Johor Buzz, NST, 28 March 2010
JUDGING by his first public speech since ascending the throne I could not help noticing that Sultan Ibrahim Ismail is proving to be his father's son. He has inherited the same tenacity and commitment as the late Sultan Iskandar.
Sultan of Johor Sultan Ibrahim Ismail departing on one of his Kembara Mahkota to meet the people. — Picture by Zulkarnain Ahmad Tajuddin
He also has the vision and wisdom of his royal forefathers for a holistic development of his state to benefit his people.
In his speech, he stressed on the need for transparency, accountability and integrity of the administrative machinery and putting the peoples' interest above personal gains.
At the same time, he wants his people to live in harmony and be supportive and have confidence in the government. These are reminiscent of the calls often made by Sultan Iskandar.
Although politics is outside the province of the royal family, Sultan Ibrahim is an intelligent student of world affairs. At a recent meeting with Singapore's Minister Mentor, Lee Kuan Yew, who paid a condolence courtesy call on him, Sultan Ibrahim stressed on strengthening the cordial bilateral relations between Johor and the republic that have existed since the days of the Temenggongs.
He is desirous that his people should be given priority in harvesting the fruits of development. He is echoing the call made by his great grandfather who once said Johor hendaklah jadi Johor (Johor for Johor) in the context of Johor's socio-political development in the early 1900s before the arrival of the first British General Adviser.
He is not being parochial but he wants Johor to be consulted and engaged in projects and he wishes to see more of his people holding the reigns of business and commercial development in his state.
I am fortunate to have served Sultan Ibrahim's father and grandfather before him. I noticed a common trait among them in their commitment to rule justly and with compassion. They were strict disciplinarians and would not compromise on integrity. They loved their people and bore malice towards none. Their concern for the well being of their subjects was the hallmark of their reigns.
Sultan Ibrahim is following their footsteps. He insists that we should not inconvenience the people in whatever we do. An example of his caring attitude is reflected in his decree that the wearing of mourning attire was voluntary. He also does not wish to inconvenience schoolchildren by having them line up along the route during his visits.
I was entrusted by Sultan Iskandar to groom the young Tunku Mahkota on the complexities of managing state affairs by having him attached to government departments and by keeping in close contact with the people.
His military training locally and at Fort Benning, and special forces training at Fort Bragg in the United States further broadened his knowledge and strengthened his discipline and mental toughness.
As the crown prince and later as regent, he toured Johor to personally monitor the various development programmes and have a first hand understanding of the livelihood and the difficulties and encumbrances faced by his subjects.
The annual Kembara Mahkota, his brainchild, is a continuity of the visits. He has promised the event will continue in the years to come.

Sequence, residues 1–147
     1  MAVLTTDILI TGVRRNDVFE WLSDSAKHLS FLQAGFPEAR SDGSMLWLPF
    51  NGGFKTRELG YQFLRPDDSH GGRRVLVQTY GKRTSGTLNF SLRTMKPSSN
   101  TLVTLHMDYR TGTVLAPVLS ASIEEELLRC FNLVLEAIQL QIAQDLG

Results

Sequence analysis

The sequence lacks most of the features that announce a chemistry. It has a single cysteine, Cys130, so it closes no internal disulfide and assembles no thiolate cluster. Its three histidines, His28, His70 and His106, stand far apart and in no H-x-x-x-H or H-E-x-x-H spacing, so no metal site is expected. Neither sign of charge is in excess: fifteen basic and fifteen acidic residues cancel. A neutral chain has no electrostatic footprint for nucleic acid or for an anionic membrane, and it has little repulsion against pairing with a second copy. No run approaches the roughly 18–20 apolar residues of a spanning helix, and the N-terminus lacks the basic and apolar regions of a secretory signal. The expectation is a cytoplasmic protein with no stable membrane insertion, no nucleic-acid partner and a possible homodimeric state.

He endeared himself to his people during the visits. He insisted on sitting cross-legged on the uncarpeted floor and eating with his hands the simple food prepared by village folk. He would visit the kitchen to personally thank the ladies who prepared the food, often asking for take-away, much to their delight.
He never passes up an opportunity to rub shoulders with his people. He graciously allows people from all walks of life to have their photographs taken with him.
And now Sultan Ibrahim will continue to touch base with his people.
Before embarking on these visits he arranges for detailed briefings by all departments and agencies to enable him to assess whether the execution of projects are indeed according to plan, and that his people benefit directly or indirectly from the projects.
He has a meticulous eye for detail and an inquisitive mind, and will often pose questions out of the ordinary.
Among his first priority is to ensure the preservation of the environment, especially the creation of green lungs and the cleanliness of towns and rivers.
The Istana Gardens and other landscaped areas are to be rehabilitated. He insists on environmental impact assessments before approval of projects. Heritage buildings, private and public, are to be restored to their former glory.
Informality and a reluctance to insist on the protocol his position demands are very noticeable in him. He dresses casually in polo or sport shirts that present an aura of friendliness that makes one feel at ease in his presence.
He has no immediate plans to move to Istana Bukit Serene, the official palace of Johor sultans, but prefers to stay in the century old Istana Pasir Pelangi, which he calls home.
For the record, his great-grandfather built the palace in 1911 and stayed there for the best part of his reign.
An accomplished horseman and polo player, sailor and pilot Sultan Ibrahim honed his skills at a young age, tutored and encouraged by his father. With discipline that is second nature and a competitive spirit, he is brimming with confidence and enthusiasm and injecting a sense of urgency into the bureaucracy.
Johoreans can look forward to exciting times under our new ruler.
Datuk Abdul Rahim Ramli is the secretary of the Council of Royal Court